Wednesday, November 22, 2017

The Reading List (2017, No. 28): Non-Compete Legislation Proposed in New Jersey and More Non-Compete Nonsense in Florida

Non-Compete and Trade Secrets News for the week ended November 24, 2017


New Jersey Proposes Non-Compete Reform

New Jersey historically has been a strong non-compete enforcement state. In his terrific article Fifty Ways to Leave Your Employer: Relative Enforcement of Covenants Not to Compete, Trends, and Implications for Employee Mobility Policy, Norm Bishara concluded that New Jersey was the 7th strongest enforcement state.

As Russell Beck breaks down, though, pending legislation would alter New Jersey's place in the overall non-compete landscape. Russell runs through the particular changes that Senate Bill 3518 would make, comparing it to the annual non-compete debate in Massachusetts. I encourage you to jump to Russell's site and review the proposed list of changes.

Florida Court of Appeal Invalidates Non-Compete Injunction

Speaking of pro-enforcement states, Florida sits firmly atop the rankings. But employees are not without hope.

Last week, the Florida Second District court of Appeal in Salazar v. Hometeam Pest Defense, Inc., No. 2D16-4123 invalidated a non-compete injunction imposed on a "pest control technician." The employee's agreement prohibited him from engaging in "pest control, exterminating, fumigating, or termite control business" in five Florida counties after his termination. Salazar, it turns out, was fired. An apparently responsible, enterprising adult, he formed his own business after being tossed out of a job.

His employer sued and obtained an injunction in Florida state court. But the Court of Appeal vacated that injunction because the order failed to comply with clear procedural requirements for awarding this type of relief. It contained no findings at all. Whatever occurred in the trial court appears to be totally inexcusable. Leave aside the merits of this. If you represent an employer and seek injunctive relief, you must understand what the injunction order needs to say. I have had cases similar to Salazar. And it is shocking that this continues to occur.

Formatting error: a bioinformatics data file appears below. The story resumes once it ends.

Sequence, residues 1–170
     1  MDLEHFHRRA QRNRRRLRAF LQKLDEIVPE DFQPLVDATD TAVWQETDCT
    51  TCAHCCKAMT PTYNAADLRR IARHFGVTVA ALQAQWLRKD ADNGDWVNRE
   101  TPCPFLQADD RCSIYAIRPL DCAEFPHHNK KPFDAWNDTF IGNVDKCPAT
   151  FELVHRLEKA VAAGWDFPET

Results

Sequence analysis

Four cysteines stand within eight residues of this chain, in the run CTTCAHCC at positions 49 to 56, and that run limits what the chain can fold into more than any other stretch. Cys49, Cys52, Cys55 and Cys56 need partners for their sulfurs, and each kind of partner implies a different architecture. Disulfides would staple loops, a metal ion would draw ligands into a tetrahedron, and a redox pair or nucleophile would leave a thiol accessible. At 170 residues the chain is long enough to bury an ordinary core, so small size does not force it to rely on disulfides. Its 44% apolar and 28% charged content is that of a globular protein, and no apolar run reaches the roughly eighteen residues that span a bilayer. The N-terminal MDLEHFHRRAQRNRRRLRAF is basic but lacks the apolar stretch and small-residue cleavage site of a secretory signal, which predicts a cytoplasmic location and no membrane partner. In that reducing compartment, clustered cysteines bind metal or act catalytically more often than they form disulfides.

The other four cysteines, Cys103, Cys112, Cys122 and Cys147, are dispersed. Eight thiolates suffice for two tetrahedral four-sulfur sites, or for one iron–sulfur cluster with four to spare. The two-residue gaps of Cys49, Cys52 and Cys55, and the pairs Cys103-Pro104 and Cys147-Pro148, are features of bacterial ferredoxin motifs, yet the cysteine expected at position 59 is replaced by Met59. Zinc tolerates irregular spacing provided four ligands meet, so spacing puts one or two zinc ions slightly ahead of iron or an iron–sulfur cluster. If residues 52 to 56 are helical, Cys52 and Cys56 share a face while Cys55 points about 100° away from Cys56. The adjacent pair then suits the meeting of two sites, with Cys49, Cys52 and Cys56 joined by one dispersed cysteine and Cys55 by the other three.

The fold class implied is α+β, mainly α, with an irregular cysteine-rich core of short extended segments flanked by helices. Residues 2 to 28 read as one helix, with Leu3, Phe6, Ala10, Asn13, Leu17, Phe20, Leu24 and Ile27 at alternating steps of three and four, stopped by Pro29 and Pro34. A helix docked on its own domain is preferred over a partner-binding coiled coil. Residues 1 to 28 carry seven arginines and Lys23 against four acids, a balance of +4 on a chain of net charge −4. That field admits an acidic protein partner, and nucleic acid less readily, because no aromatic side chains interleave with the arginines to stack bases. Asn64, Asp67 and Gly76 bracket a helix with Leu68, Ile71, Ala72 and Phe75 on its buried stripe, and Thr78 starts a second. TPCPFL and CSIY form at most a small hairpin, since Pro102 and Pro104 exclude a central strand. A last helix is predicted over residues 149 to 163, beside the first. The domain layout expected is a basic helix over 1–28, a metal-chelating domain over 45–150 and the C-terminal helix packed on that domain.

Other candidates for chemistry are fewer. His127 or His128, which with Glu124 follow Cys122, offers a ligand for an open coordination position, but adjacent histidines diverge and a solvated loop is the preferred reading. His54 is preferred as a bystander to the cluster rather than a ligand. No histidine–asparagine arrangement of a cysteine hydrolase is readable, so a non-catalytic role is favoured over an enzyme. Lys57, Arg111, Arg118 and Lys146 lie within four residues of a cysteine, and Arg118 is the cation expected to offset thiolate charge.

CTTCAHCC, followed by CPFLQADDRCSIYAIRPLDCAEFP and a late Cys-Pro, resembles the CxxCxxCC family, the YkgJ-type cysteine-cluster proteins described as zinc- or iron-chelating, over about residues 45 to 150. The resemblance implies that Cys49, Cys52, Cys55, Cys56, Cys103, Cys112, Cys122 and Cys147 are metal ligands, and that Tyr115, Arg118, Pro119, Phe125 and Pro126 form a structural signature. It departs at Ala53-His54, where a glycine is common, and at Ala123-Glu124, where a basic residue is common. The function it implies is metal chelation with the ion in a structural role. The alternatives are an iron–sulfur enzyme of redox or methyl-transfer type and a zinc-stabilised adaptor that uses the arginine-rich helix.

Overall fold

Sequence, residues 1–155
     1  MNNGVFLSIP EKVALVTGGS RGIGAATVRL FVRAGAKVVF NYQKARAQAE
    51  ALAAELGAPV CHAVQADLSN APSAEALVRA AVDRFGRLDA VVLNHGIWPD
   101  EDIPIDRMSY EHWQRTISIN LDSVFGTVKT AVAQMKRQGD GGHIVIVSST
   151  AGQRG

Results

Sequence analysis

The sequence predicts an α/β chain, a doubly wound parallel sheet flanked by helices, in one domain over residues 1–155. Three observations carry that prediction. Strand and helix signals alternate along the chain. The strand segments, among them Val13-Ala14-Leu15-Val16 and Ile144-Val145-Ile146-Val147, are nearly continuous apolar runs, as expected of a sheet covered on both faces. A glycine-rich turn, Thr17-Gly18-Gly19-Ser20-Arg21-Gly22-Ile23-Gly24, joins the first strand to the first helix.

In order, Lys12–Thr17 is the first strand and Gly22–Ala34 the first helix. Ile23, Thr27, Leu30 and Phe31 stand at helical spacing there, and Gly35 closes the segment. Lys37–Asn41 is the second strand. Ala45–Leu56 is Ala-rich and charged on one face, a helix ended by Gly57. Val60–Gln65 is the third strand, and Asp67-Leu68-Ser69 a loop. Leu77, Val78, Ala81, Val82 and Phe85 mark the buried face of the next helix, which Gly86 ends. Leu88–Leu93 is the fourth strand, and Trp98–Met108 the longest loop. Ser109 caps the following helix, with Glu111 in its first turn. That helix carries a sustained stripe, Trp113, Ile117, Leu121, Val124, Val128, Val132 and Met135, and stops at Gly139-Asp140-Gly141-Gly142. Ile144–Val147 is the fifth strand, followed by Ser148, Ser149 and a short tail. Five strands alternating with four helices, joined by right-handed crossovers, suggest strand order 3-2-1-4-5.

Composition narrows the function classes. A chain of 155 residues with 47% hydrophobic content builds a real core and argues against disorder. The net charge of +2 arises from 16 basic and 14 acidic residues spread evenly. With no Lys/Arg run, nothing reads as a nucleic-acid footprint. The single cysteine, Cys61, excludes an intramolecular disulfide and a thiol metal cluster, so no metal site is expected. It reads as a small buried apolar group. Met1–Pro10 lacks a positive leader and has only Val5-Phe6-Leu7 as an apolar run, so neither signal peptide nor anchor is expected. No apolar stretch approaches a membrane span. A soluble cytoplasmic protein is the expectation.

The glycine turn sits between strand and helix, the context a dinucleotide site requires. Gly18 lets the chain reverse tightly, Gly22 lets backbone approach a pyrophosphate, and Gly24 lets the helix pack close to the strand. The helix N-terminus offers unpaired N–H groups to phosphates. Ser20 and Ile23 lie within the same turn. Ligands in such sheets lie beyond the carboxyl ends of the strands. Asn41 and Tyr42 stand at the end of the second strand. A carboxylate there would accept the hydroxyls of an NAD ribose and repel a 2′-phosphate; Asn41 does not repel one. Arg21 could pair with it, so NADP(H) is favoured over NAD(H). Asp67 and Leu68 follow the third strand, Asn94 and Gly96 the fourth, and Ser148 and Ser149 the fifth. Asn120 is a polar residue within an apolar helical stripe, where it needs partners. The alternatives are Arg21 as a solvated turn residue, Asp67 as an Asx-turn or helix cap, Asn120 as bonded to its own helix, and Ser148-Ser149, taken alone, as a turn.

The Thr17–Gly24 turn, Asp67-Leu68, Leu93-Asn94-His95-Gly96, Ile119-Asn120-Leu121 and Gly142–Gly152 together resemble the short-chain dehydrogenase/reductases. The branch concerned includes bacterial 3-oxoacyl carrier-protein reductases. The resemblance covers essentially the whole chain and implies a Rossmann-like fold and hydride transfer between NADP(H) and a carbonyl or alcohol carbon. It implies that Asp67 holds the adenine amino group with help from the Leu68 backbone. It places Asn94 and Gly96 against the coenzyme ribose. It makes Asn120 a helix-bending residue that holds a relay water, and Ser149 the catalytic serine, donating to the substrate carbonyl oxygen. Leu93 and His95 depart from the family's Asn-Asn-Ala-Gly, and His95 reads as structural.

On remand, I'd be interested to see how Hometeam Pest Defense articulates its legitimate business interest in preventing Salazar from working in his industry. The source of a potential client list for those in need of home pest control seems rather obvious...

You can link to the Salazar opinion by clicking here.

Confidentiality Agreements

Every day, we're witness to the unmasking of sexual harassment and misconduct charges leveled at media figures, politicians, and industry leaders. And the sad reality is that many claims are settled on the condition that the victim is muzzled by a confidentiality clause.

Elizabeth Tippett writes in the San Francisco Chronicle about the two principal uses of confidentiality agreements: ones signed at the start of employment and those signed as part of a settlement. And she rightfully questions how non-disclosure agreements (or NDAs) should not muzzle victims of abuse. I suspect we've reached the tipping point where these NDAs may face legislative scrutiny, at least when they relate to a public figure or use of public funds.

That subject matter is outside the scope of my expertise, but it's certainly an interesting and important one to follow as events unfold in near real time. I do think, however, there may be a spillover effect on the less newsworthy type of confidentiality agreement, the kind I tend to write about.

I have been writing for years that employment-based NDAs can operate like stealth non-competes. The general problem is three-fold:

  1. The clauses contain open-ended, malleable terms that do less to define "Confidential Information" and more to reserve discretion for the company to label something confidential without repercussion.
  2. Employees may have no way to monitor what information remains confidential and potentially protected once they are gone from a business.
  3. The breadth of these clauses (including the lack of a durational limit) may enable an employer to state a colorable claim when competition arises and may open the door to expensive discovery.
Let me be clear: I am not subverting the current debate on sexual harassment-related NDAs in favor of this one. Both are important, but the use of NDAs in settlement agreements is far more troubling and deserves far more scrutiny. All I am saying is that practitioners should not just assume blindly that employment-based NDAs are perfectly legit. In many cases, they serve just as punitive of a restraint on fair competition as more overtly stated non-competes.

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